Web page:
IN THE age of popping vitamin pills to make up for perceived poor nutrition, international experts are warning about the dangers of too much vitamin A which they say may lead to weaker bones and more fractures.
Vitamin A is an essential vitamin that is important for numerous biological processes including growth, vision, immunity and organ function. Our bodies are unable to make vitamin A but a healthy diet including meat, dairy products and vegetables should be sufficient to maintain the body’s nutritional needs.
A study on mice found that sustained intake of vitamin A, at levels equivalent to 4.5-13 times the human recommended daily allowance (RDA), caused significant weakening of the bones, and suggests that people should be cautious of over-supplementing vitamin A in their diets.
The study by Australian and Swedish researchers, published in the Journal of Endocrinology, is the first to examine the effects of lower vitamin A doses that are more equivalent to those consumed by people taking supplements, over longer time-periods.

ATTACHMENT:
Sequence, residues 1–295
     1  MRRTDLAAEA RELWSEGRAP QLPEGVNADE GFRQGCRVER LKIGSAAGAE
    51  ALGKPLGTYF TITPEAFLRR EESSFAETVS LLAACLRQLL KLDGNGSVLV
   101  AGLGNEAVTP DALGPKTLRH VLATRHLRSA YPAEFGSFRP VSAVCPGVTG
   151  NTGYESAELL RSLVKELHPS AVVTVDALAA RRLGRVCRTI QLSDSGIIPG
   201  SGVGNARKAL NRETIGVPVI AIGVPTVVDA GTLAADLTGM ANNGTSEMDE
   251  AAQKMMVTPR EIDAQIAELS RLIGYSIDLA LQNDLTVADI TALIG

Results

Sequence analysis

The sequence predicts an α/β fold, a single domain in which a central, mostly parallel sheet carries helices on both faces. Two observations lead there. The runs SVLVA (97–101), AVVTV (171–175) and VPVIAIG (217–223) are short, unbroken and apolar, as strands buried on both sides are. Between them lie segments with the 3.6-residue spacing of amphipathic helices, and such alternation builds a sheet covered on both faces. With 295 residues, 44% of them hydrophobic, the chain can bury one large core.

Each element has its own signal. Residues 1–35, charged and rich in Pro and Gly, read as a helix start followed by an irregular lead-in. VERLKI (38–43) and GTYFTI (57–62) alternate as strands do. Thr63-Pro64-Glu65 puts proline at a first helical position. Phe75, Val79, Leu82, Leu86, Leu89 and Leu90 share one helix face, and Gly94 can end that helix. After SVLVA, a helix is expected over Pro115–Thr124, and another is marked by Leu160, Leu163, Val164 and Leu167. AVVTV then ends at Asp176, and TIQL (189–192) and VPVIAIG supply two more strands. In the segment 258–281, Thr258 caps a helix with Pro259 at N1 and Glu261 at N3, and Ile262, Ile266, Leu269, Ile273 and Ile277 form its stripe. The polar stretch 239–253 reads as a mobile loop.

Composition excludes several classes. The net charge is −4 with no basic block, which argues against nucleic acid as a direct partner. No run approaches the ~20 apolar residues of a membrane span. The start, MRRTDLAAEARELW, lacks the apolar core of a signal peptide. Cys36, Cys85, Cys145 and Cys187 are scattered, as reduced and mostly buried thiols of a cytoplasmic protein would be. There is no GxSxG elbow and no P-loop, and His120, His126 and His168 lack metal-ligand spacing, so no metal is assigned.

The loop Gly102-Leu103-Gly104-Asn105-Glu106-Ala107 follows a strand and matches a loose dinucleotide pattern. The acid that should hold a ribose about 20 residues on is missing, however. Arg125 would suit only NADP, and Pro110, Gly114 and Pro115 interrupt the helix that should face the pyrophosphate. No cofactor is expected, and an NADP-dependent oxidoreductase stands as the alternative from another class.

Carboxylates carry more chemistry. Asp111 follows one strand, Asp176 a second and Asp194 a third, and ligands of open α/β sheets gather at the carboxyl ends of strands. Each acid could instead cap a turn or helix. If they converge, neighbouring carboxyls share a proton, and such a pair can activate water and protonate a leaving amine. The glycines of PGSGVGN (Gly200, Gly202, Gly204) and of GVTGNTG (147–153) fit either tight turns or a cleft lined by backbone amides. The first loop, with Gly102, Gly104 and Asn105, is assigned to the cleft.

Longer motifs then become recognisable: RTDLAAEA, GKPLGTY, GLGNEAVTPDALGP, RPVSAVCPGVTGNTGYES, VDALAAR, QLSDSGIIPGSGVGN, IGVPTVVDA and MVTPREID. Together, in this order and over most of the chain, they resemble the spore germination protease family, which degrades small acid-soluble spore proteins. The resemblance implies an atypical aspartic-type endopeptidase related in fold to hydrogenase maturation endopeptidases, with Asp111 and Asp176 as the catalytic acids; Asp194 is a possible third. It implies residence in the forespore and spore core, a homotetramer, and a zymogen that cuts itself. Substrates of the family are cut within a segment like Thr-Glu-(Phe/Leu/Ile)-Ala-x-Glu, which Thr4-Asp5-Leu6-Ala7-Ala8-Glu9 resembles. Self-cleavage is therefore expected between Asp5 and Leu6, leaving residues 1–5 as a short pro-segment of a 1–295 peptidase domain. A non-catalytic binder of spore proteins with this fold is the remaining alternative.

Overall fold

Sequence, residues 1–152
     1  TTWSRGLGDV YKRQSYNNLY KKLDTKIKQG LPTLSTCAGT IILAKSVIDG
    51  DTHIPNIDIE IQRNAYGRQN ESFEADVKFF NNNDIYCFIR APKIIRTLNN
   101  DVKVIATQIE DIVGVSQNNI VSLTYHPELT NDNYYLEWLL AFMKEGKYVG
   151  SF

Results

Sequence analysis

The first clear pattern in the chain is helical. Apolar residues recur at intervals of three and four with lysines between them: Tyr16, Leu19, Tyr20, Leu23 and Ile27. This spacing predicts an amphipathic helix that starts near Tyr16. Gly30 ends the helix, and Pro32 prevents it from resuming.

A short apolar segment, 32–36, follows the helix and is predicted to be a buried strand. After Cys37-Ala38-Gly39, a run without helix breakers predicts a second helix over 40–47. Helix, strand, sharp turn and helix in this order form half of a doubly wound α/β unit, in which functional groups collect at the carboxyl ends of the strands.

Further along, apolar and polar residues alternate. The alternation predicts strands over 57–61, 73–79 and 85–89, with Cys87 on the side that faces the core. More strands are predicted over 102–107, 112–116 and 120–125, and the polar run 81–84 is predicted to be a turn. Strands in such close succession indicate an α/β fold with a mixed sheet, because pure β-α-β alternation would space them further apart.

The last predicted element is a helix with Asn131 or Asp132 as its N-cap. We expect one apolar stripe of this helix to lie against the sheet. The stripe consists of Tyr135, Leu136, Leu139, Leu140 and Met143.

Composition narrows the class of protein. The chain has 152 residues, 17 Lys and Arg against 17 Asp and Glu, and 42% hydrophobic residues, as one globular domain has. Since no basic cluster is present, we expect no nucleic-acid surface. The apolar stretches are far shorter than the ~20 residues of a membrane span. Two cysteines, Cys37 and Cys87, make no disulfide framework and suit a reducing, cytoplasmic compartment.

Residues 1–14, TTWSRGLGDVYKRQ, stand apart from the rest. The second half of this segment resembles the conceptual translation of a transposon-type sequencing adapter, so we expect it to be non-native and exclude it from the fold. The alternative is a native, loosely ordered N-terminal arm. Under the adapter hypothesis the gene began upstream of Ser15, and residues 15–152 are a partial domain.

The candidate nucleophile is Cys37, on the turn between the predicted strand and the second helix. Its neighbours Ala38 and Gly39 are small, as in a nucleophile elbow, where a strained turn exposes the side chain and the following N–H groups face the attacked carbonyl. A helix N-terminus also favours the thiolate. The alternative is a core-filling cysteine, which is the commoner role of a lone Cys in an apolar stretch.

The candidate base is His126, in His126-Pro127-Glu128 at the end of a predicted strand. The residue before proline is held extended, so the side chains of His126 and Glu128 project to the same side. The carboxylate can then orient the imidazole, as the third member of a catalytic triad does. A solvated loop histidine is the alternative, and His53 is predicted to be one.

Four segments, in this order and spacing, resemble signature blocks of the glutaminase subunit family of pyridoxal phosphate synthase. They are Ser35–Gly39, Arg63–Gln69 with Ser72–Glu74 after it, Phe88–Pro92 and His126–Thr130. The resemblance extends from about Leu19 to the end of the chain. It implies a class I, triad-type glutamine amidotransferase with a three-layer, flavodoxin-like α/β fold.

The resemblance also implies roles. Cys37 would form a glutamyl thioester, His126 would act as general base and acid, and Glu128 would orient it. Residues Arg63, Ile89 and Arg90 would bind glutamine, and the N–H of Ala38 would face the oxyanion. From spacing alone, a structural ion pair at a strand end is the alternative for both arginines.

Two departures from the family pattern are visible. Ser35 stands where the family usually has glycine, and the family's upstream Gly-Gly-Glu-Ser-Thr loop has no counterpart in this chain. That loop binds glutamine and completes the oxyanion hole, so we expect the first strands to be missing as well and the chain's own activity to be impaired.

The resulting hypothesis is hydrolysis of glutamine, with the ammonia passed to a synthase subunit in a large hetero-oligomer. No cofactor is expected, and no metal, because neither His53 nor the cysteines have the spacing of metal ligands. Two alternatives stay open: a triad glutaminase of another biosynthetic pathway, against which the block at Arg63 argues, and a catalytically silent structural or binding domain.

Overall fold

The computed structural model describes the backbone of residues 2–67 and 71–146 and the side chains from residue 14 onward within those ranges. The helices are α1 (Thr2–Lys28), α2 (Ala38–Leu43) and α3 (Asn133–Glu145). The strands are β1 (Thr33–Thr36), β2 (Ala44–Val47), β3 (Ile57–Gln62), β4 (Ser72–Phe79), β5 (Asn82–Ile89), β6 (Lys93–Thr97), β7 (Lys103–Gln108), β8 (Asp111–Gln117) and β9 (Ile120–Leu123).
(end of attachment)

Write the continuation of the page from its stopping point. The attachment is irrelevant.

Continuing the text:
Dr Ulf Lerner and colleagues from Sahlgrenska Academy at the University of Gothenburg, reported that the subject mice showed thinning of their bones after just eight days, which progressed over the ten week study period.
Dr Lerner next intends to investigate if human-relevant doses of vitamin A affect bone growth induced by exercise, which was not addressed in this study.
Additionally, his team will study the effects of vitamin A supplementation in older mice, where growth of the skeleton has ceased, as is seen in the elderly.
“Overconsumption of vitamin A may be an increasing problem as many more people now take vitamin supplements, said Dr Lerner. “Overdose of vitamin A could be increasing the risk of bone weakening disorders in humans but more studies are needed to investigate this. In the majority of cases, a balanced diet is perfectly sufficient to maintain the body’s nutritional needs for vitamin A.”
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